9 foods that are high in resistant starch



Resistant starch is a unique type of fiber with impressive health benefits.


However, only a few foods contain high amounts of this (1).


In addition, the resistant starch in food is often destroyed during cooking.


What is resistant starch and why is it good for you?


Most of the carbohydrates you eat, such as those in grains, pasta and potatoes, are starches.


Some types of starch are resistant to digestion, hence the term resistant starch.


The resistant starch works in a similar way to the soluble and fermentable fiber, helping to feed the friendly bacteria in its intestine and increasing the production of short chain fatty acids such as butyrate (2, 3, 4).


Studies have shown that it can help with weight loss and benefit heart health, as well as improve blood sugar control, insulin sensitivity and digestive health (5, 6, 7, 8).


Interestingly, the way you prepare foods containing starch affects their starch content, since cooking or heating destroys the most resistant starches.


However, it can "recover" the resistant starch content of some foods by allowing them to cool after cooking.


Although there is no formal recommendation for the intake of resistant starch, many of the studies that show health benefits used 15-30 grams per day.


Below are 9 foods that contain high amounts of resistant starch.


1. the oats


Oats are one of the most convenient ways to add starch resistant to your diet.


3.5 ounces (100 grams) of cooked oatmeal flakes may contain about 3.6 grams of resistant starch. Oats also have a high antioxidant content and is an integral grain (9).


Letting the cooked oatmeal cool for several hours or overnight could further increase the resistant starch.


Bottom line: Oatmeal is a good source of resistant starch, as it provides approximately 3.6 grams per 3.5 ounces (100 grams) of cooked oat flakes.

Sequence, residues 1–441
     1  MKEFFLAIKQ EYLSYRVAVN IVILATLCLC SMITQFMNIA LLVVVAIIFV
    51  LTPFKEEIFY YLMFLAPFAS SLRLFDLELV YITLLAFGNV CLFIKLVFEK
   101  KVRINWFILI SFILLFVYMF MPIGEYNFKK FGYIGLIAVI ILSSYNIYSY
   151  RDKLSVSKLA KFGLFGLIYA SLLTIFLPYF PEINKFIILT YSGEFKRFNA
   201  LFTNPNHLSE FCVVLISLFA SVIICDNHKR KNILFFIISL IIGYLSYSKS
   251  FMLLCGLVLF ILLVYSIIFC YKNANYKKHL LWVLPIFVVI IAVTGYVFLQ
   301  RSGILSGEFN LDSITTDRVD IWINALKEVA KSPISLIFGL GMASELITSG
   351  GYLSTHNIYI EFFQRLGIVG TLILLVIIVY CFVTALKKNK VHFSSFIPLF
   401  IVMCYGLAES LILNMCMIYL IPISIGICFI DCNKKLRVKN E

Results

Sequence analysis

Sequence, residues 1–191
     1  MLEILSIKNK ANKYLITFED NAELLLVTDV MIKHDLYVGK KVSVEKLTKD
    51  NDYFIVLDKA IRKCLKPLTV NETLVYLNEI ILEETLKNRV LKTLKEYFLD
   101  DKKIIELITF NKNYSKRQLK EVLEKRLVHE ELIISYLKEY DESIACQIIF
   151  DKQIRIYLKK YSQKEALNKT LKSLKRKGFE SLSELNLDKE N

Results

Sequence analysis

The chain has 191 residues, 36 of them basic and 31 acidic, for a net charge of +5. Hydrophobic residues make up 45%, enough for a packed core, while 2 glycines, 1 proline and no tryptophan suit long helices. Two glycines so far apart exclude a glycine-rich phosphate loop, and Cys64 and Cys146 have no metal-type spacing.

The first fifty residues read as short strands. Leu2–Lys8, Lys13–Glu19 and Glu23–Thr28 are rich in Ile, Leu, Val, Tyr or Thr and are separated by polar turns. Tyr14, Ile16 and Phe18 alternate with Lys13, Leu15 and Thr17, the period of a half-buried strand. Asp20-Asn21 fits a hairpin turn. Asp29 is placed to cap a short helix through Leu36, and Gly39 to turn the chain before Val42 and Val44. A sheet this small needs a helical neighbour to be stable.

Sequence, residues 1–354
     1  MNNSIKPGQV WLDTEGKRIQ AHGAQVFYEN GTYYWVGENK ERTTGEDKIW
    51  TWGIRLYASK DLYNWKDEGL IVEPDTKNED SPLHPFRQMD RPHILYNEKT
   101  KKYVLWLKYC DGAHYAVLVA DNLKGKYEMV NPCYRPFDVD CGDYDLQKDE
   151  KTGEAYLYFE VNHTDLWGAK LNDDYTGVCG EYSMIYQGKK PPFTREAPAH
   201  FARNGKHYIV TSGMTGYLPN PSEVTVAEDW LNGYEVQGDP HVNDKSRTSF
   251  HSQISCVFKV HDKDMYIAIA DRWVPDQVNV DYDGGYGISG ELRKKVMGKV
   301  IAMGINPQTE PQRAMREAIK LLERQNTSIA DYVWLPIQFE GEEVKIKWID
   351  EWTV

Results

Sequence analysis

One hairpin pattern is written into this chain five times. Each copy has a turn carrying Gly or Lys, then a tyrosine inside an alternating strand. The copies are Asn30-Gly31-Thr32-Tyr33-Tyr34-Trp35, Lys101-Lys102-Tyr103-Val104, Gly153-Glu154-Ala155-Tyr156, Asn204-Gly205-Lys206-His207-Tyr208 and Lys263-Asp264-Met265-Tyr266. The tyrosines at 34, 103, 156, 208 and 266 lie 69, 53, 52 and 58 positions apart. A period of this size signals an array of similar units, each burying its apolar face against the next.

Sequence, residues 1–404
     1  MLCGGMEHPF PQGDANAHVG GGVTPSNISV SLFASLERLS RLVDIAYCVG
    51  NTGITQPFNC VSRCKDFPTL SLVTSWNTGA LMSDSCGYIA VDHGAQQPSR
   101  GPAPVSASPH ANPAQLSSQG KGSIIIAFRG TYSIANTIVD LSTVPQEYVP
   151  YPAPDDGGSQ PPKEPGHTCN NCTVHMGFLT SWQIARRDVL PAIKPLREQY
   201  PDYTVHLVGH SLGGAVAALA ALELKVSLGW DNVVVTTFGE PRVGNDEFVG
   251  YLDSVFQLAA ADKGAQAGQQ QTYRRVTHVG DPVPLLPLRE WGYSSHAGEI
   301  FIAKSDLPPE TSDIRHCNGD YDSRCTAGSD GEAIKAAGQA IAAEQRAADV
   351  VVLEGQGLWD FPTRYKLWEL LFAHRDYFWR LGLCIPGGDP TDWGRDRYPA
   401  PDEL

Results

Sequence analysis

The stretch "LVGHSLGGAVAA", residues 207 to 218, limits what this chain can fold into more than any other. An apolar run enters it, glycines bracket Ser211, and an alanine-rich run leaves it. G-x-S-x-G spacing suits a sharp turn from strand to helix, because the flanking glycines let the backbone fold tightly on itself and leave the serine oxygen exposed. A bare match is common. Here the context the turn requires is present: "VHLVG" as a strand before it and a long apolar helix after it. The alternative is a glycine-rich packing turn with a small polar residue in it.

2. Cooked and cooled rice


Rice is another convenient and economical way to add starch resistant to your diet.


A popular preparation method is to cook large batches throughout the week.


Doing this not only saves time but also increases the resistant starch content when the rice is allowed to cool.


Brown rice may be preferable to white rice because of its higher fiber content. Brown rice also provides more micronutrients, including manganese and magnesium (10).


Bottom line: Rice is a low-cost source of resistant starch, especially when it is left to cool after cooking.


3. Some other grains


Several healthy grains provide high amounts of resistant starch.


Although the grain is often mistakenly thought to be unhealthy, natural whole grains can be a sensible addition to your diet (11, 12).


Not only are they a great source of fiber, but they also contain important minerals and vitamins (13).


Bottom line: Natural whole grains can be excellent sources of dietary fiber and resistant starch, along with other nutrients.


4. Legumes


Beans and legumes provide large amounts of fiber and resistant starch.


Both must be soaked and fully heated to eliminate lectins and antinutrients (14).


Depending on the type of legume, they contain about 1 to 4 grams of resistant starch per 3.5 ounces (100 grams) after they have been cooked (9).